Formed in Johannesburg in 1983 by Simba Morri (acoustic guitar and occasional vocals), John Trafford (saxophone), Derek Walter (bass) and Punka Khosa (drums).

Their song ‘Pambere’ was included on the Shifty Records Forces Favourites compilation album (1985). The group performed with various drummers during their existence. They performed at venues where mixed audiences were allowed or tolerated, especially Jamesons, UDF and ECC gigs and at private jols.

The group broke up in 1986 and Simba Morri went on to record a solo album with Shifty Records. An ep including four of their songs was released on the Shifty Bandcamp site in 2014.

Mzwakhe Mbuli

Mzwakhe Mbuli rose to fame in the mid-1980s as the people’s poet, reciting his resistance poems at political rallies, often sneaking in and out because he was wanted by the apartheid security forces.

Shifty invited him to record an album dub-poetry style, with a backing band. In 1986 the album Change is Pain was recorded with a core backing band of Simba Morri (guitar), Gito Baloi (bass) and Ian Herman (drums). The album was promptly banned because of its outspoken political message.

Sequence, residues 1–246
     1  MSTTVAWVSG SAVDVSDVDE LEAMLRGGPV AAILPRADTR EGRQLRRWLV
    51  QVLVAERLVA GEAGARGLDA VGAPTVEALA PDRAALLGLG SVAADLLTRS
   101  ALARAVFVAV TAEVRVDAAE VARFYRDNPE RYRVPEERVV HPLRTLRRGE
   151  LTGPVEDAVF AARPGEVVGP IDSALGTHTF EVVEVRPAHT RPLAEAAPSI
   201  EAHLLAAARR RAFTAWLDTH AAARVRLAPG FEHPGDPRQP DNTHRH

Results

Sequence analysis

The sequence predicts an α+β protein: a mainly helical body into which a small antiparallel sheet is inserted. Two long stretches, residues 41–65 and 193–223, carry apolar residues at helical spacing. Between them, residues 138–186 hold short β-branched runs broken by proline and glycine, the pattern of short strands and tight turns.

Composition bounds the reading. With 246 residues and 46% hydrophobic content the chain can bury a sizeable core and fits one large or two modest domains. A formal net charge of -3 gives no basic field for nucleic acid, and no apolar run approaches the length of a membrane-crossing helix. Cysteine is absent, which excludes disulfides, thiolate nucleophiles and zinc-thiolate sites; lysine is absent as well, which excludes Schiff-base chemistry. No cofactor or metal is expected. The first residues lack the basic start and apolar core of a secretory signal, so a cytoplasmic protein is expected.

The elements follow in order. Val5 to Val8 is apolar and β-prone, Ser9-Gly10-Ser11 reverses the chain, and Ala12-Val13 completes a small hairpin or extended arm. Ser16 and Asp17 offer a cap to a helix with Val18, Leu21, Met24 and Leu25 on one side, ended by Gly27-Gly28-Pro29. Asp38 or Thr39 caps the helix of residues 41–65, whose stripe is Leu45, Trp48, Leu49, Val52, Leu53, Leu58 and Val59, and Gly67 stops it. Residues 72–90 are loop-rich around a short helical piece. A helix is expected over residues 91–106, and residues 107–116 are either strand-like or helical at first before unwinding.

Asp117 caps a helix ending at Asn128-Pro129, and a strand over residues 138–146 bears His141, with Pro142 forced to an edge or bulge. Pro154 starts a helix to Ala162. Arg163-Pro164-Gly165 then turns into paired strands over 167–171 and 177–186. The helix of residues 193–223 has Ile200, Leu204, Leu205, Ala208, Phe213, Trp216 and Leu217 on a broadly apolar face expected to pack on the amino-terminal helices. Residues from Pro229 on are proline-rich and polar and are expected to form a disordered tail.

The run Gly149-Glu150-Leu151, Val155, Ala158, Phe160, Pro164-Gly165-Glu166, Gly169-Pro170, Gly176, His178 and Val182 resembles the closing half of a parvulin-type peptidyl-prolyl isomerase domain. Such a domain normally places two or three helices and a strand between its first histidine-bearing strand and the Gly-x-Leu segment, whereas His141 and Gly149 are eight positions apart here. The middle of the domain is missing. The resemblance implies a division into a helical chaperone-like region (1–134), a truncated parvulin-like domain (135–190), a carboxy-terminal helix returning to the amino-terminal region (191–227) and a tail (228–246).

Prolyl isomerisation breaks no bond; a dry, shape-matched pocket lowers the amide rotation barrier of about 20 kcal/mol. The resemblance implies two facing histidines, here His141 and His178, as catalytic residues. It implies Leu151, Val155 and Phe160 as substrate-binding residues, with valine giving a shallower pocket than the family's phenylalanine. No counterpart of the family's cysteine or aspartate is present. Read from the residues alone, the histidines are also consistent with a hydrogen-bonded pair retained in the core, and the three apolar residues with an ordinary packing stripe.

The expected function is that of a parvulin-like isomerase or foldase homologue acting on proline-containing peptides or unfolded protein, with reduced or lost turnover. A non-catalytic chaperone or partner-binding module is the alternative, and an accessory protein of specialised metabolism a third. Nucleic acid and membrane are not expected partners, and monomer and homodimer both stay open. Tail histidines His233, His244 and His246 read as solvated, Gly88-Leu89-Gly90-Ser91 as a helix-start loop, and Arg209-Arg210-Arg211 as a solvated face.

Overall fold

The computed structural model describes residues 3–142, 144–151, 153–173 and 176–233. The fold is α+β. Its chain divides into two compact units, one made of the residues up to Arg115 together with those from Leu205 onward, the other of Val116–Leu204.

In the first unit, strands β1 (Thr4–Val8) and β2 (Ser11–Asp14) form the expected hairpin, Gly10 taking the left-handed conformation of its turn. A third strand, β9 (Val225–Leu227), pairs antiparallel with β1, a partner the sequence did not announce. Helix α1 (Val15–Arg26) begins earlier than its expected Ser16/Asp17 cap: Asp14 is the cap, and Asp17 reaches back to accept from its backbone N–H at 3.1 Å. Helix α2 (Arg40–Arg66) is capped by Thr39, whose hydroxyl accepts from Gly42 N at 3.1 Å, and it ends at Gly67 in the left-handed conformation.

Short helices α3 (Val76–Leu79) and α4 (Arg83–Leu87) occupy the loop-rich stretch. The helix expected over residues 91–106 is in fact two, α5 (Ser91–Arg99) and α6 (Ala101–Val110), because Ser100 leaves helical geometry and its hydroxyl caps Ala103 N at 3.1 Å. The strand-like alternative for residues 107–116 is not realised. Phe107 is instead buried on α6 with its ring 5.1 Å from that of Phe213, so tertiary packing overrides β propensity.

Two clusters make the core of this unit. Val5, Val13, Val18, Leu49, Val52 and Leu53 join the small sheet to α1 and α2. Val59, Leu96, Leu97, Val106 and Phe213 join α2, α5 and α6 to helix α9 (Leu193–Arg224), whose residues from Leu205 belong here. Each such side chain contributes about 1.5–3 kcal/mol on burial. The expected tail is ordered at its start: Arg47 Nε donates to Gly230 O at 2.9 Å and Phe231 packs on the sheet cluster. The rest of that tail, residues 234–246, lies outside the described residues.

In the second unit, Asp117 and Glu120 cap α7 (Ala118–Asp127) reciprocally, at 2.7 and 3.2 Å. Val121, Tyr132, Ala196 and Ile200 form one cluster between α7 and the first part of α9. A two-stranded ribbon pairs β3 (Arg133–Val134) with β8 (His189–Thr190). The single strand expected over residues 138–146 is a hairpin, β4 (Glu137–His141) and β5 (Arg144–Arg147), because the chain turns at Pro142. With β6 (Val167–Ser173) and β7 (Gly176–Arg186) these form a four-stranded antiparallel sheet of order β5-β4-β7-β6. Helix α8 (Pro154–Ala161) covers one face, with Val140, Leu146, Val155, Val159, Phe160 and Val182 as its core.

In 1989 Mzwakhe recorded a second album with Shifty, Unbroken Spirit, which in part documented his time in prison. In the 1990s he continued to record albums but with major labels.

Simba Morri

Born in Kenya and came to South Africa to study in the early 1980s. In 1983 he formed Mapantsula at the same time as befriending James Philips who introduced him to Shifty Records.

In 1986 Simba Morri left Mapantsula and was invited to record a solo album with Shifty. In 1986 he released the album Wasamata with Shifty.

The core of the band comprising Simba Morri on guitar and vocals, Gito Baloi on bass and Ian Herman on drums. Kelly Pitlane played flute and Jannie van Tonder played trombone. After the album was released the band morphed into Tananas without Simba Morri who continued to perform as a solo musician collaborating with others. In 1990 he recorded the album Celebrating Life with Third Ear Music.

Over the next three decades he has continued to perform in South Africa and in southern Africa: Zimbabwe, Zambia, Botswana, Malawi and Namibia.